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74 Responses to Garden Bloggers’ Bloom Day. February

  1. Waow ! Great to see all this flowers. It’s an explosion of colors and joy ! And, it’s why we do garden, i think ?

  2. AnnetteM says:

    What a lovely Spring post. You have so many wonderful flowers out already. We have a smattering of snow on the ground this morning, but the sun is out so I will see if I can get a photo of any of my flowers. They are still very few and far between though.

  3. Annette says:

    Such richness and a delight to look at, Liz. I love crocus as you know and am very happy that I don’t have to struggle with squirrels as the blackbirds are enough trouble already. So English squirrels and French blackbirds are the rowdies of the gardening world it seems…;) How long do you have the Edgeworthia? I like them a lot but don’t know if they support cold spells as well. Sarcococca are flowering here too, fab scent.

    • Chloris says:

      I haven’ t had the Edgeworthia very long and I am keeping it in the greenhouse at the moment. Winter frost killed my previous ones. It smells delicious.

  4. rusty duck says:

    Once again you make me wish I live in the relatively dry east. Irises and crocuses have been a disaster here. Hellebores and snowdrops, thankfully, carry on regardless. Loving your Edgeworthia, I do hope it survives. Have so far resisted the temptation but I can’t last out much longer..

  5. Christina says:

    Your garden is wonderfully springlike Liz, the intense colours of winter flowers is such a joy on grey days isn’t it. Fritillaria raddeana is stunning, I must keep an eye out for this, maybe it would like my conditions? The flowers on Sarcococca humilis are enormous I always think of all Sarcococca being insignificant but these certainly aren’t.

  6. Julie says:

    I am not sure if its the angle of your photo but I like the form and colour of Iris ‘Sheila Ann Germaney a lot more than Katharine Hodgkin, Shelia looks very elegant. Your garden must be a real pleasure after so many grey days, I agree with Christiane, its a real explosion of colour and joy!

    • Chloris says:

      I love all these little irises. Sheila is beautiful. I am enjoying Natasha at the moment which is a dainty white one.
      Spring flowers are really getting going now, such a joy.

  7. Flighty says:

    Lovely post and pictures.
    Sadly my crocuses haven’t fared well in the heavy rain and high winds. xx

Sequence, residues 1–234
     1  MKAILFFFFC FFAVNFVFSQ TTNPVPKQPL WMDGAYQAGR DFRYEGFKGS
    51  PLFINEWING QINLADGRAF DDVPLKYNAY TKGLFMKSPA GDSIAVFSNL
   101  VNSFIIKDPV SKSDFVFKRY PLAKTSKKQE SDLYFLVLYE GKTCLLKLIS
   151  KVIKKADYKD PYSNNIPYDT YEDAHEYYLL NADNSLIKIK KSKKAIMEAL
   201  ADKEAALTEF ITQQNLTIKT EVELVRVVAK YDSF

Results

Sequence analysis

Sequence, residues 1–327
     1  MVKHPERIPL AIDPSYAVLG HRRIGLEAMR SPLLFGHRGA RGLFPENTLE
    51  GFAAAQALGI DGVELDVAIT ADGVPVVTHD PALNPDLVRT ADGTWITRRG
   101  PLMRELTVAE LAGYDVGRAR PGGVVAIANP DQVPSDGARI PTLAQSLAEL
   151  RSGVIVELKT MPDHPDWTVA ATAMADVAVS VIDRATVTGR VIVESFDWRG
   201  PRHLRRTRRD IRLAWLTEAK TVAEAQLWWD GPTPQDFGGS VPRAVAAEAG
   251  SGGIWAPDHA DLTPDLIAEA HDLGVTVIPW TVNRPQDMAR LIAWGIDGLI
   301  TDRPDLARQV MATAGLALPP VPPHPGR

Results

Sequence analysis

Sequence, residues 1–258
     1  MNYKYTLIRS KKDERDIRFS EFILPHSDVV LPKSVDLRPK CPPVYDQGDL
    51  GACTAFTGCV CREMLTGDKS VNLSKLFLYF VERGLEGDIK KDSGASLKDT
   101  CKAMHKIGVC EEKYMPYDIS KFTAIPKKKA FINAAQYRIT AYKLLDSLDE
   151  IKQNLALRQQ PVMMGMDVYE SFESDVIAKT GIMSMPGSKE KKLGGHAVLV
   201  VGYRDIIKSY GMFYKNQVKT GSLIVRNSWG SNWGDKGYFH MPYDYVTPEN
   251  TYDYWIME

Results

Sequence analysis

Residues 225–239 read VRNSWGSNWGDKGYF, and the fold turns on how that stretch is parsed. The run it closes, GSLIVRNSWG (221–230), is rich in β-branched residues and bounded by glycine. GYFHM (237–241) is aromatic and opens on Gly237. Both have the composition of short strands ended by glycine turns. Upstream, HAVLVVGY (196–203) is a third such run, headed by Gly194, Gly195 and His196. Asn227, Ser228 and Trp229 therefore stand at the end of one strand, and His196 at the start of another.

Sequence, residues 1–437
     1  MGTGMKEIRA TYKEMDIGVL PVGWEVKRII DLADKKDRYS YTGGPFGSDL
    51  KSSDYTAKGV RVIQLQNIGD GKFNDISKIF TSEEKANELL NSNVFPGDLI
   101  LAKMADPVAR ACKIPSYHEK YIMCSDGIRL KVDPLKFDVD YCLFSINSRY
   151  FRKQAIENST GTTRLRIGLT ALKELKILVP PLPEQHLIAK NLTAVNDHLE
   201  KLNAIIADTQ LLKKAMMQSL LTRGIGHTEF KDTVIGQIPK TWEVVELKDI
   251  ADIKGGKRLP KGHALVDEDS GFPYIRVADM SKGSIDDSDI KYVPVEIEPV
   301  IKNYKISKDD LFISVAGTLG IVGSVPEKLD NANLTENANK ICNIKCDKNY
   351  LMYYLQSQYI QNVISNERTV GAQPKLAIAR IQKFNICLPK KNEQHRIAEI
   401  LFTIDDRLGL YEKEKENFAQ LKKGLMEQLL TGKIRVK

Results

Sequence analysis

8. Pauline says:

    So many lovely flowers and so many different colours, it all looks so spring like! My crocus and Iris reticulata are also doing well in spite of the wet and cold.

    • Chloris says:

      It is amazing how everything is blooming away happily despite the awful weather. The flowers are braver than I am. My sorties into the garden are very brief at the moment.

  9. Tina says:

    You have lots going on in your garden. The croci–wow, just gorgeous! Beautiful early spring display, even though it’s supposed to be winter!

  10. Good thing the Tommies are spreading…squirrels and voles take care of my crocus. I love seeing all my favorite spring flowers that will bloom here in 2 months.

    • Chloris says:

      The Tommies are spreading by seed, the squirrels dig up any new corms in the back garden. I didn’ t realise that your gardens are so much later than ours. Not long now perhaps?

  11. gardenfancyblog says:

    So many lovely flowers in your gardens, Chloris. Spring has definitely arrived for you. Thanks for sharing your breath of springtime! -Beth

  12. Laurin Lindsey says:

    Wow, your have so many different blooms. I love them all!

  13. Winter does not seem so bad in the garden. All is lovely. I think that is the first Sarcocca flower I have seen, now I know why people like them. I had a friend with Edgeworthia issues, he had finally succeeded after a few tries and it was beautiful.
    Do you have Iris cristata in the UK? It is a dwarf native Iris (native to the woods of the SE US) One of my favorite little Iris, I never had good luck with reticulata.

  14. Kris P says:

    There are so many treasures in your garden – both small and large! I found myself sighing audibly as I moved through your post. That Fritillaria makes my heart melt. I also have a “thing” for hellebores, even if my climate isn’t made for them. The only one that’s exceeded expectations so far in my own garden is ‘Anna’s Red’ – I’ll pick up more of that one if I come across it despite our hideous 90F (32C) temperatures this February. As I noted on another site, maybe instead of a greenhouse what I need is a green-refrigerator 😉

    • Chloris says: